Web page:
The characteristic feature of our algorithm is that we don't change the ray energy during its tracing. Each event that may change ray energy (a partial absorption in material or in surface) is treated in the probabilistic way, by the Russian Roulette Rule: either the ray survive with the unchanged energy or it completely disappears. By a proper choice of probabilities of these two events we can simulate any rate of light absorption. In this sense we follow the global idea of using a random choice everywhere without decrease of simulation accuracy. This idea was explicitly stated in [CPC84] (in application to Backward Monte Carlo ray tracing).
During Forward ray tracing ray-surface intersections are also processed from the viewpoint of i-maps calculation: if a ray hits a triangle that keeps i-maps then appropriate element(s) of the i-maps is modified to account for energy brought by the ray.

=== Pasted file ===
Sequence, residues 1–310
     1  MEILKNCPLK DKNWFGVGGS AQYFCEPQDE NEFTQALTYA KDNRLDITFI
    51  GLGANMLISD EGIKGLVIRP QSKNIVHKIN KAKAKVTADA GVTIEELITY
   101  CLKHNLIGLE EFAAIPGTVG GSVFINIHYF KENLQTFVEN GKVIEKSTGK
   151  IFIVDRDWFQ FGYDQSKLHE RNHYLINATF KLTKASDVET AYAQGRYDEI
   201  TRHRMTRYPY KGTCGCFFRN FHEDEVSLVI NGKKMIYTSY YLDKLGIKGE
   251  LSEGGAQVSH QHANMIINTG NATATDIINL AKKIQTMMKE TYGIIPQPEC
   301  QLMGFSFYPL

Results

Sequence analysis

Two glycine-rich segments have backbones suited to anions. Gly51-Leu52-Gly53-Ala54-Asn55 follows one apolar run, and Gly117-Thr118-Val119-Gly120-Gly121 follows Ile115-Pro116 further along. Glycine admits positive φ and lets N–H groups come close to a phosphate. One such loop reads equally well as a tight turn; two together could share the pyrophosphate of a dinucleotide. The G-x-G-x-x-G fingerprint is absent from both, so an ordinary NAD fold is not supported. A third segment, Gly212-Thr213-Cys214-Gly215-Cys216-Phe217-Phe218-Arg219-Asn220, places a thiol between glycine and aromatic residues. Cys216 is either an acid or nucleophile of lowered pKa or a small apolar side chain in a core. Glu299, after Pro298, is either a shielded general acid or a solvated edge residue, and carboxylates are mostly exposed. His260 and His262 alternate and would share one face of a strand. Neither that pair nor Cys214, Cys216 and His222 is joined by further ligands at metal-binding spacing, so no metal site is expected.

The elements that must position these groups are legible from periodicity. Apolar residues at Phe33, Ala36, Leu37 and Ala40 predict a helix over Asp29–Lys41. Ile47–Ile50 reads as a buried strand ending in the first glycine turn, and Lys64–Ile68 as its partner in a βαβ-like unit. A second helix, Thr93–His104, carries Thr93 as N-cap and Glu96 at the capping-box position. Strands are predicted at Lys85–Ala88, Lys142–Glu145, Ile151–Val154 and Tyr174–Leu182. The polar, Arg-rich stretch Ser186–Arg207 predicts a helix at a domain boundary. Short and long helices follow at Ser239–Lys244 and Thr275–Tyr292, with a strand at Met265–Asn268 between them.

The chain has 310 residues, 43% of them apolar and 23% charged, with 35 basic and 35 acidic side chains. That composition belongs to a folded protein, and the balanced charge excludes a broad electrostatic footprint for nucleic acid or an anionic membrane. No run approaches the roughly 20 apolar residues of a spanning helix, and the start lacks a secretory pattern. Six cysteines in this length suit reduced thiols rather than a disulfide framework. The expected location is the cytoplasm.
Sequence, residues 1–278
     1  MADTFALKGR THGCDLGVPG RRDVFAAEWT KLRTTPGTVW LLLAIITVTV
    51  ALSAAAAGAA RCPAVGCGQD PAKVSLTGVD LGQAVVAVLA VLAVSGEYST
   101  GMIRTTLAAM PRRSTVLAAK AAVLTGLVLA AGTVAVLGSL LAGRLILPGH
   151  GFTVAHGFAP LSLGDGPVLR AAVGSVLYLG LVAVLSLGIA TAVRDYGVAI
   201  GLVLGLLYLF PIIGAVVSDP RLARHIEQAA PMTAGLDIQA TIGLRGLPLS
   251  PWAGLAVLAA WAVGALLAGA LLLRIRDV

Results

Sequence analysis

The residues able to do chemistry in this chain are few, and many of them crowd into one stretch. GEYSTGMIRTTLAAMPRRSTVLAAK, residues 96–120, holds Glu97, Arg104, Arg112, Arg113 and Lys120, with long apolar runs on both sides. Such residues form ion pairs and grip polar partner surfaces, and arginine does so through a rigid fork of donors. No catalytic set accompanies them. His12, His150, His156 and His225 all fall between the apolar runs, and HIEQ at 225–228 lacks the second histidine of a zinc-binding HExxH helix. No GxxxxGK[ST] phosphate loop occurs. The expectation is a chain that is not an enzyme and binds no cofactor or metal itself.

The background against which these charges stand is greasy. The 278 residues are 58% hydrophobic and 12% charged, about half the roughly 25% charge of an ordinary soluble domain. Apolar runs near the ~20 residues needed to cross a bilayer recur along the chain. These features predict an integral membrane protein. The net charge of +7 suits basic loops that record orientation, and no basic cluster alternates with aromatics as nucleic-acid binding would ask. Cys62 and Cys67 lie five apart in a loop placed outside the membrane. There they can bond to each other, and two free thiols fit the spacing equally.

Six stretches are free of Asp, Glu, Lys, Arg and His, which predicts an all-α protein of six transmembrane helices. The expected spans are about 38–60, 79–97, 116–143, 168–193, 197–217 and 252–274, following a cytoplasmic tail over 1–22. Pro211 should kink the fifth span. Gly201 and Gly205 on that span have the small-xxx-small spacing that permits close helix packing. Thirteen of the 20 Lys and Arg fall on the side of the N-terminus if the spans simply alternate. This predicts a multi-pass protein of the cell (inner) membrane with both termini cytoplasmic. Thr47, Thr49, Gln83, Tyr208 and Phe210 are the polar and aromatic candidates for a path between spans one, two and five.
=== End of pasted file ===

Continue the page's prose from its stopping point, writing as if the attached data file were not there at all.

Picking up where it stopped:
Only the indirect (secondary) component of illumination maps is computed by the Monte Carlo algorithm; the direct component is always computed deterministically. This can be considered as a variance reduction technique; no other variance reduction techniques are used.
Our Monte Carlo algorithm provides not only illumination data; it tries also to estimate inaccuracy of the data calculated. This feature is important for users and also for our comparison; so, let's consider it in more details. At first we'll describe what kind of inaccuracy is estimated.